HomeFeaturesRecalling the bake-oven deaths at Holmesburg Prison

Recalling the bake-oven deaths at Holmesburg Prison

Allen Hornblum

Allen Hornblum last week took folks gathered at Holmesburg Library back in time to the summer of 1938.

Holmesburg Prison was overcrowded, with about 1,500 inmates, and August of that year brought a heatwave. The prison cells had poor circulation, making the heat worse. Many of the inmates protested by going on a hunger strike.

The strike made news outside the prison walls, but the protest seemed to be collapsing. Nonetheless, to punish the ringleaders of the effort, they were placed in the Klondike. The building on the prison grounds featured small, 6- by 9-foot cells, and was used regularly as a punishment block.

This time, the punishment was severe. The skylight and windows were closed. The water was turned off. The heat was turned up.

The outcome? Four men died.

“The inmates were cooked alive,” Hornblum said.

Hornblum wrote about the ugly episode, which made worldwide news, in a nonfiction novel, The Klondike Bake-Oven Deaths. He said the victims looked like “aliens from space.”

A Philadelphia Record newspaper headline screamed, 4 convicts roasted to death; 21 others nearly lost lives. Gov. George Earle visited the scene.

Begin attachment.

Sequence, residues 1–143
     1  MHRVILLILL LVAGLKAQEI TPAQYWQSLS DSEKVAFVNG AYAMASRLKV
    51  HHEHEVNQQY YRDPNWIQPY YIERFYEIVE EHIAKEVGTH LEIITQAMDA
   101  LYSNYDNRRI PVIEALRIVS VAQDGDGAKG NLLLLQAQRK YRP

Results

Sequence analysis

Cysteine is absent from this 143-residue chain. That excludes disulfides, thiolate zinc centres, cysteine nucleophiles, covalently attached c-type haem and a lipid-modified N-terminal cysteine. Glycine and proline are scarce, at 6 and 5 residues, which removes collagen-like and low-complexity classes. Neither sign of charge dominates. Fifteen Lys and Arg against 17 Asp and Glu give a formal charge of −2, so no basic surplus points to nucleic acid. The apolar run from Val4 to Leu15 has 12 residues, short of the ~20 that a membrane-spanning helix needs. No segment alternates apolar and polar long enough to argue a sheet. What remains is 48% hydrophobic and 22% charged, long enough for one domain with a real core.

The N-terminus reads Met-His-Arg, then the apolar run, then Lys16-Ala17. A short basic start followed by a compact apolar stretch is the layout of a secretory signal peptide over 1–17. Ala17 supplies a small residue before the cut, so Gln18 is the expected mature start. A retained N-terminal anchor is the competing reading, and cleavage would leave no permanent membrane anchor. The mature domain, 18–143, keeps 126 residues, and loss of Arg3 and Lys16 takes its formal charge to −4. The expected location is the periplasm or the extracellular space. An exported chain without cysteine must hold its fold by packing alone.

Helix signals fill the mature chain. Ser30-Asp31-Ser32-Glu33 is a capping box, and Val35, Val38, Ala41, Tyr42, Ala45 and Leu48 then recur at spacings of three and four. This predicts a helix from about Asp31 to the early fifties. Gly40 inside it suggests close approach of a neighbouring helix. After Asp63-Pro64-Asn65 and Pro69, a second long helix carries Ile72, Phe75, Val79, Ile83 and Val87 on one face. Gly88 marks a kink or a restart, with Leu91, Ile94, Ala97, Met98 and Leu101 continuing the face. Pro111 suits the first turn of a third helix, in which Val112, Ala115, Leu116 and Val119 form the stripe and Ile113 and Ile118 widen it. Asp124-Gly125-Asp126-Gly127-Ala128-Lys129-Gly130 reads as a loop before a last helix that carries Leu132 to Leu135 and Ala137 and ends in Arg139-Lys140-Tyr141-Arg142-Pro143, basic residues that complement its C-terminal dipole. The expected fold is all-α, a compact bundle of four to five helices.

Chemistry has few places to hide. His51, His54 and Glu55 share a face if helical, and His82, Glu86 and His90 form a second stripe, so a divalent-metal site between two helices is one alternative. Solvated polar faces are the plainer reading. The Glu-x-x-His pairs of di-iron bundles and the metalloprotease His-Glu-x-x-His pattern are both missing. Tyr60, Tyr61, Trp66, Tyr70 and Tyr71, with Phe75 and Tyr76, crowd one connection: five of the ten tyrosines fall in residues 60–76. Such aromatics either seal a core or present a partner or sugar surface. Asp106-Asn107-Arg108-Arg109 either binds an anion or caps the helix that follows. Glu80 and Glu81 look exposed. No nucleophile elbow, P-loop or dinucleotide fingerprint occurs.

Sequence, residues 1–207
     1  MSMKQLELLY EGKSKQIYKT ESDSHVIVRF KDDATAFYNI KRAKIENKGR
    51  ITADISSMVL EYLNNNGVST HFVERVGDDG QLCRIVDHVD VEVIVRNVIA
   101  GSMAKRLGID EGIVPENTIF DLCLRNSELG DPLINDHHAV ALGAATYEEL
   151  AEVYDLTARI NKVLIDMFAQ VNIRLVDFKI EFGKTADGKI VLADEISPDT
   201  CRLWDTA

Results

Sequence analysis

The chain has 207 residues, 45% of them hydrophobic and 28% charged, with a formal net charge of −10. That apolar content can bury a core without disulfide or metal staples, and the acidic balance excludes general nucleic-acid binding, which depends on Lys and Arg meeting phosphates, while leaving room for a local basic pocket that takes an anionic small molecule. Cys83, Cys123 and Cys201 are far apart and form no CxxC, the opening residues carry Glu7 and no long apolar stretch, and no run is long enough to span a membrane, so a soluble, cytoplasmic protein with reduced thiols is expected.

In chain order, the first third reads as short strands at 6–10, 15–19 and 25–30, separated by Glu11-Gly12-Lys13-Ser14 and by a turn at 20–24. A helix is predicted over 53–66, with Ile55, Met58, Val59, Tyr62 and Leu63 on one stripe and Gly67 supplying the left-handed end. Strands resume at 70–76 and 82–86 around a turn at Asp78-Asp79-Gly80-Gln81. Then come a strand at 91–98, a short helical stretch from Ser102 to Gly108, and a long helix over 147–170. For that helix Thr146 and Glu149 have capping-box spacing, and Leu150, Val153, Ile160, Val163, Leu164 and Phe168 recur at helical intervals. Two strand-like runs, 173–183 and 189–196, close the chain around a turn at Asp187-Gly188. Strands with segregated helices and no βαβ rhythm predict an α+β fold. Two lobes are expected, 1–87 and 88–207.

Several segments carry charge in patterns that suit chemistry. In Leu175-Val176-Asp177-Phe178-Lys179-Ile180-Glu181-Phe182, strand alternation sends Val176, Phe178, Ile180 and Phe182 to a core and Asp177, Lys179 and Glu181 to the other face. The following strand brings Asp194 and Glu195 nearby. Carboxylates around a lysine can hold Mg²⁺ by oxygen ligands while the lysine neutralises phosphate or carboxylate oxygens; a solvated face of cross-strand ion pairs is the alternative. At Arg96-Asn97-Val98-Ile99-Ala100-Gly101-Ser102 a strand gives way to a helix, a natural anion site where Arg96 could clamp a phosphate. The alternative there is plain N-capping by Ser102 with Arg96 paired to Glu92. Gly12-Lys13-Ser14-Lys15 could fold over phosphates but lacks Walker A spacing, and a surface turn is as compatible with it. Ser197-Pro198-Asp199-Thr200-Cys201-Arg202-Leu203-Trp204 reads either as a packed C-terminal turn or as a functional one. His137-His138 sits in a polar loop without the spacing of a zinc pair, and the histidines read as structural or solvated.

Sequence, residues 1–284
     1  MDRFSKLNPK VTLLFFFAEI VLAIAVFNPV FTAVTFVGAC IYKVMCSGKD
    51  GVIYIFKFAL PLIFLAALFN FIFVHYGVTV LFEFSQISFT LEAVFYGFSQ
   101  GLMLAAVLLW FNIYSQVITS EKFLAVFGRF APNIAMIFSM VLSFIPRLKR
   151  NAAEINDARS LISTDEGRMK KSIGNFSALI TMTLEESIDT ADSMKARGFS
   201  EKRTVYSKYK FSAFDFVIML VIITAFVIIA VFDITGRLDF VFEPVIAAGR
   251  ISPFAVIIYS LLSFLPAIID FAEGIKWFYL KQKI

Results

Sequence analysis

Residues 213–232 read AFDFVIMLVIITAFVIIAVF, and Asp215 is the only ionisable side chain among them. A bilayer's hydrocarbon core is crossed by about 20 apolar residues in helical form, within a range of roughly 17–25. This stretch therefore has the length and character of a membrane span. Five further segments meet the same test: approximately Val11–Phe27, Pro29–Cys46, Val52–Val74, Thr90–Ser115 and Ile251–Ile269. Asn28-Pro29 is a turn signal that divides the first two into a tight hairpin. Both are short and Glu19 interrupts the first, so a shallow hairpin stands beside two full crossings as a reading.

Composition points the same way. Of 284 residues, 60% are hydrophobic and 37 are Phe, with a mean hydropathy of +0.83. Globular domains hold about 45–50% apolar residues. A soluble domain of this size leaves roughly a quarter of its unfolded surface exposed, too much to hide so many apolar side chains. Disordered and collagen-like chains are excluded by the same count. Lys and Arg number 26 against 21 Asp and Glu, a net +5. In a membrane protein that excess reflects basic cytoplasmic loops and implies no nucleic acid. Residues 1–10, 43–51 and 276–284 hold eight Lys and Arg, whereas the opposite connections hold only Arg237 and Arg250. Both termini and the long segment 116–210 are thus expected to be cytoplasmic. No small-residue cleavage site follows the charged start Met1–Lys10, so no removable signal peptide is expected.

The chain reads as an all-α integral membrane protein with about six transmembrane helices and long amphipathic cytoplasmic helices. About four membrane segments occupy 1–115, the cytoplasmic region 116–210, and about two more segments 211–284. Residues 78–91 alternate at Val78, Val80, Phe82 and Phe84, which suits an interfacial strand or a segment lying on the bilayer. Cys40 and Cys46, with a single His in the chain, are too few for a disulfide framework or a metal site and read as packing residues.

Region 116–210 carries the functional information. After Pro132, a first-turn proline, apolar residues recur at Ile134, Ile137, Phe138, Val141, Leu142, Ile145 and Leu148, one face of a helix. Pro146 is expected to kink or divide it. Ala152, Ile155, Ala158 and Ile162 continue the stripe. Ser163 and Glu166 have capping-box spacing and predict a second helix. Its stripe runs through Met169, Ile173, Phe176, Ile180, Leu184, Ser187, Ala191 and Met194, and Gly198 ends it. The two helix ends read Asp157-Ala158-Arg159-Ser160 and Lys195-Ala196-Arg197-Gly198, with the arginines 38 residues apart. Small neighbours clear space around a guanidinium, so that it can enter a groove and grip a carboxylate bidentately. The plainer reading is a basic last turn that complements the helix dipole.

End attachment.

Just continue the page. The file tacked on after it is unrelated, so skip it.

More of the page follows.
During his Sept. 21 talk at the library, Hornblum called the case “gruesome” and “outrageous,” arguing it would make an intriguing movie.

A blue-ribbon inquest, with the jury headed by Gilbert Spruance, was held in a City Hall courtroom, with survivors testifying that guards did little other than bring the Klondike inmates bread and water.

“The guards would just laugh at them,” Hornblum said.

The guards and wardens blamed each other.

In a 1939 trial, a warden and a guard were found guilty of involuntary manslaughter and sentenced to 1 to 3 years in prison. The victims did not receive any financial compensation.

Hornblum, who once taught in the Philadelphia Prison System and served on its Board of Trustees, said the prison deaths did not remain in the news for long, as focus turned to World War II, and today most Philadelphians don’t know about what happened in the summer of 1938 at Holmesburg Prison. ••

Order The Klondike Bake-Oven Deaths at amazon.com or bookstores. To schedule Hornblum for a talk, call 215-331-0537 or email ahornblum@comcast.net. ••

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